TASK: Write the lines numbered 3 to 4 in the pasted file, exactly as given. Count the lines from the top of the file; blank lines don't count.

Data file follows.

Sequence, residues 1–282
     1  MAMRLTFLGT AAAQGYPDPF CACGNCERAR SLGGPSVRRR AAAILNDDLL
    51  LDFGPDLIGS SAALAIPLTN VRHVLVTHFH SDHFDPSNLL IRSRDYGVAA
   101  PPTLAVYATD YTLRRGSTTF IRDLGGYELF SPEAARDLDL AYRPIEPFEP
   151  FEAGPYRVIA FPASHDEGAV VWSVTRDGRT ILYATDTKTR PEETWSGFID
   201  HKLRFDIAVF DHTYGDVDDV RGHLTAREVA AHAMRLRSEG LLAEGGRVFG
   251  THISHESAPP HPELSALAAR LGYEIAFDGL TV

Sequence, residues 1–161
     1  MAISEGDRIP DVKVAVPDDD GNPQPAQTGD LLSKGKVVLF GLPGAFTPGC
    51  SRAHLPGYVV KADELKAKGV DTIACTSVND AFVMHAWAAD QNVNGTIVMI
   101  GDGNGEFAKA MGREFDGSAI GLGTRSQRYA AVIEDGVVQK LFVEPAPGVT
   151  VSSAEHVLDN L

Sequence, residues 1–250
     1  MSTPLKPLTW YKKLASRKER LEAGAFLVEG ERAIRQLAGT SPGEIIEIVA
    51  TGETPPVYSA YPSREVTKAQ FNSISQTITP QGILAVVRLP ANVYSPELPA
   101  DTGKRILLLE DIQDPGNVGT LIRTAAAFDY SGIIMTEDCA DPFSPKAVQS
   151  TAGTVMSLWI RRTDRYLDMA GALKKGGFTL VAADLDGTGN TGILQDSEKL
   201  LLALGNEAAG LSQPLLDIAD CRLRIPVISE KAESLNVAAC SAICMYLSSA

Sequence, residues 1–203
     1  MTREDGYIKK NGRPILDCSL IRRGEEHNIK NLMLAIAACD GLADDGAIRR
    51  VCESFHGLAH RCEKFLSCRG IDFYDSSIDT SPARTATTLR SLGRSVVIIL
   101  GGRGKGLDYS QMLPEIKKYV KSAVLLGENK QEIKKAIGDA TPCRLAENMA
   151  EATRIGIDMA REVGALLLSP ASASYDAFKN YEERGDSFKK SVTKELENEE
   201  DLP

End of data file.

    51  LDFGPDLIGS SAALAIPLTN VRHVLVTHFH SDHFDPSNLL IRSRDYGVAA
   101  PPTLAVYATD YTLRRGSTTF IRDLGGYELF SPEAARDLDL AYRPIEPFEP